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your bread

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upon the waters for in many days you will find it.


Sow your seeds in unexpected ways by investing in others not yourself, and a long time from now it will bear fruit for all of you.



This word means “to send, send away, set off, cast away, set free.” It is not usually used of the scattering action involved in ancient sowing practices, but here it appears to be pointing that direction. Plant your seeds in the sea, which is some place from which we would never expect to get a harvest.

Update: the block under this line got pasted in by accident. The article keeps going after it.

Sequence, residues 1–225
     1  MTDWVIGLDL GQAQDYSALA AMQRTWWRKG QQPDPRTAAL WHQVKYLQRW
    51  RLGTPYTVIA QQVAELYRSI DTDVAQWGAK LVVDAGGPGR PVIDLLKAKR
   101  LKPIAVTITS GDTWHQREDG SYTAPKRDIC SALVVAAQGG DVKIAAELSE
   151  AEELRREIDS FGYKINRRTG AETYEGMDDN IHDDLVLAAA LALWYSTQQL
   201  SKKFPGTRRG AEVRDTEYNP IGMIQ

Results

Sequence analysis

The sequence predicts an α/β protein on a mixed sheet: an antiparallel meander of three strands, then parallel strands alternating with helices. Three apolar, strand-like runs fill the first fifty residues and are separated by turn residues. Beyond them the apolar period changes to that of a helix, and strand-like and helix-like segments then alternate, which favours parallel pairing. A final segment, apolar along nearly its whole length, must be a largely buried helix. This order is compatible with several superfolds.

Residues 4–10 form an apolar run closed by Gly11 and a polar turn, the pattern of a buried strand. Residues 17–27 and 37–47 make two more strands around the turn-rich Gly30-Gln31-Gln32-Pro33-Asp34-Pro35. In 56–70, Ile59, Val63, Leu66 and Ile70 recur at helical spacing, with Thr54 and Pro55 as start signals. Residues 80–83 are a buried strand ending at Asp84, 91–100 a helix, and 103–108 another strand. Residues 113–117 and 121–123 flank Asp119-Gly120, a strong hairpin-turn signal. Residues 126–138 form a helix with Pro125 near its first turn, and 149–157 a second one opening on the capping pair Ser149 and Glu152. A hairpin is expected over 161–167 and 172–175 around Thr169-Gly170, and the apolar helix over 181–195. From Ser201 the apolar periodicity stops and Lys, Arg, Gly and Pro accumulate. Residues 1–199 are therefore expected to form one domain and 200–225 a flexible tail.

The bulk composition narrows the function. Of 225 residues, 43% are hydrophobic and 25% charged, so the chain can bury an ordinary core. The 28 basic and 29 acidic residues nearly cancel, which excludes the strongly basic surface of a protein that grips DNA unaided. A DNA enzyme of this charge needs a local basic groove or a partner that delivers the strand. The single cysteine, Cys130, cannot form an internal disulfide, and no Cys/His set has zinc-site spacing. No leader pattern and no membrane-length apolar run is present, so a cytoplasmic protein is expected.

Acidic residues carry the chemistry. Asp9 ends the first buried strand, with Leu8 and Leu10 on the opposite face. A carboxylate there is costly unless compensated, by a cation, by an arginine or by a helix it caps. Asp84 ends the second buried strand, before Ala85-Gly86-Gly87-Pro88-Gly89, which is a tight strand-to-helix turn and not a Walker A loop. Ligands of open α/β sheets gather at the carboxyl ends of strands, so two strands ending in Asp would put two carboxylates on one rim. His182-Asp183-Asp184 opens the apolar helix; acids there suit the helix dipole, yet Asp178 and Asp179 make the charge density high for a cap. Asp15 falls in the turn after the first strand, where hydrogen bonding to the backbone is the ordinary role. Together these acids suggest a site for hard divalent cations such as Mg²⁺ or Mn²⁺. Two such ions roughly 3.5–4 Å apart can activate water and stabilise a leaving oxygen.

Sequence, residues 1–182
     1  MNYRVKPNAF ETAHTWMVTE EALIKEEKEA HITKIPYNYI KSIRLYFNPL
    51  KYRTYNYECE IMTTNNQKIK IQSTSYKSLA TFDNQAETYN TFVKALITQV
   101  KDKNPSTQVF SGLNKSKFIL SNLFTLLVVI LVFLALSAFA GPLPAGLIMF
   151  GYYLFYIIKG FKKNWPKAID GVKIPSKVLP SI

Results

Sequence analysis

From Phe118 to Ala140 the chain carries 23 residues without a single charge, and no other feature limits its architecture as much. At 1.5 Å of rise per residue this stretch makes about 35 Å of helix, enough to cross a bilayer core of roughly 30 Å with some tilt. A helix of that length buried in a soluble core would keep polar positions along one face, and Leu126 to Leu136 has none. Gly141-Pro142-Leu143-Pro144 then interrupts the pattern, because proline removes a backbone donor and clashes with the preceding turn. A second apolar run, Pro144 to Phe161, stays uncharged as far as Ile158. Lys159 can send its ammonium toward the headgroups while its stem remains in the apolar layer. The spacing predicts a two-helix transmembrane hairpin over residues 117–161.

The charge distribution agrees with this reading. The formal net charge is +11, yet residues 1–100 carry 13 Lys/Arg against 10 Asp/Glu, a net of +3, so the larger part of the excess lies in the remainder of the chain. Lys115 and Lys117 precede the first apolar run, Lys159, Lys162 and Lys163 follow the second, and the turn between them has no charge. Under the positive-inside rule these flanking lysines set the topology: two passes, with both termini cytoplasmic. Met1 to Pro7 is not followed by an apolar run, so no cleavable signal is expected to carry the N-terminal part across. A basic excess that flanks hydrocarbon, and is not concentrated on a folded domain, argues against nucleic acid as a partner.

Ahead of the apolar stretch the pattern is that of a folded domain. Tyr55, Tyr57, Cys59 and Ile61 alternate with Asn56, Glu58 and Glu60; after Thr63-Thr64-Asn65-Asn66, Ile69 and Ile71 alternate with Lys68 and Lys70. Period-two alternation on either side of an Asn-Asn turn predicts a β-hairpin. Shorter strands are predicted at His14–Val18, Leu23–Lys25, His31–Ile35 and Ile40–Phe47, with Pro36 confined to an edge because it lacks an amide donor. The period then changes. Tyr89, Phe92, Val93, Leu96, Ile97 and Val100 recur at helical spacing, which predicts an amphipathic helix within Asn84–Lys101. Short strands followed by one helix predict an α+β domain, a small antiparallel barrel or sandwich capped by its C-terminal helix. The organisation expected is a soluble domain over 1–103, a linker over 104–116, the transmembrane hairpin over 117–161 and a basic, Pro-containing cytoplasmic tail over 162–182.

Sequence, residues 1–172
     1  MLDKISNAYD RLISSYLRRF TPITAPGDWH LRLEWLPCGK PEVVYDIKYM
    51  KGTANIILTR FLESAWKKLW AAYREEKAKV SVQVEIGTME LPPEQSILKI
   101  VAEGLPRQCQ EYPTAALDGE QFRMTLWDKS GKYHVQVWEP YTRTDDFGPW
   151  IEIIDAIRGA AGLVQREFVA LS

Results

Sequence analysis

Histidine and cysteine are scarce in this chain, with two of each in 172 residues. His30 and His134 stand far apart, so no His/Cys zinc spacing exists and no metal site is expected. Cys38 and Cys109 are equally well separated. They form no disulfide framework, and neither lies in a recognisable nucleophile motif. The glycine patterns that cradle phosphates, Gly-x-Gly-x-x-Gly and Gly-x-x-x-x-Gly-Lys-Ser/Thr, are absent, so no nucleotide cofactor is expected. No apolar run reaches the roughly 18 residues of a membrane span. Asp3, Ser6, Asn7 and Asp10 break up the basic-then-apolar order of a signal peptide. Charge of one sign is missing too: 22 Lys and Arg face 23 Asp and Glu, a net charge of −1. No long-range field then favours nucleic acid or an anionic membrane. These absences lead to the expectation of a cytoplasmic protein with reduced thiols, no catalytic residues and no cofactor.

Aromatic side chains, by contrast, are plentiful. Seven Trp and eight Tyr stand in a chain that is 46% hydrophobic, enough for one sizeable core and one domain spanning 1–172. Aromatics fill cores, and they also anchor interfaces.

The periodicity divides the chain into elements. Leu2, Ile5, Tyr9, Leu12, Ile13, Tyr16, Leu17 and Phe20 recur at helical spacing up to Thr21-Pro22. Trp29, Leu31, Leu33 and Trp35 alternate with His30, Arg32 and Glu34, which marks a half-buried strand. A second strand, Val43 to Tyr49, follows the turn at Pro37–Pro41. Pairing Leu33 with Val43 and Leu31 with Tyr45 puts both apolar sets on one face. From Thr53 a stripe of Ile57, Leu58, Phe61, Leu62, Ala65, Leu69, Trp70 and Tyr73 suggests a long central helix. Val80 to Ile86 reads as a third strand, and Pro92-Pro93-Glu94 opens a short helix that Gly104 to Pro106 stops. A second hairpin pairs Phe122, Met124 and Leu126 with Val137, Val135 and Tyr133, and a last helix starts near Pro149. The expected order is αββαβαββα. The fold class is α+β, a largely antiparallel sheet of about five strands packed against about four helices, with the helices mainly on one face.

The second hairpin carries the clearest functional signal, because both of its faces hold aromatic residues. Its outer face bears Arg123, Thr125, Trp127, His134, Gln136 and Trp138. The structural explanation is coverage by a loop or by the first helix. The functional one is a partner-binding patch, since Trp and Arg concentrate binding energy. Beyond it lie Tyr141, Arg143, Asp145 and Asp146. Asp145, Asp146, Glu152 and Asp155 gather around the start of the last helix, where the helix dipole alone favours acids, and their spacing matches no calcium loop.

This is indeed the word “bread,” but it appears to be used here as a reference to “grain, or seed.” Although they had a different word for “grain” and for “seed,” it was not uncommon for grain to stand for bread and bread for grain.

Some see in this phrase a reference to sea-faring commerce, but I think he is simply saying: Casting “seed” onto standing water would be an unexpected way to plant your crop.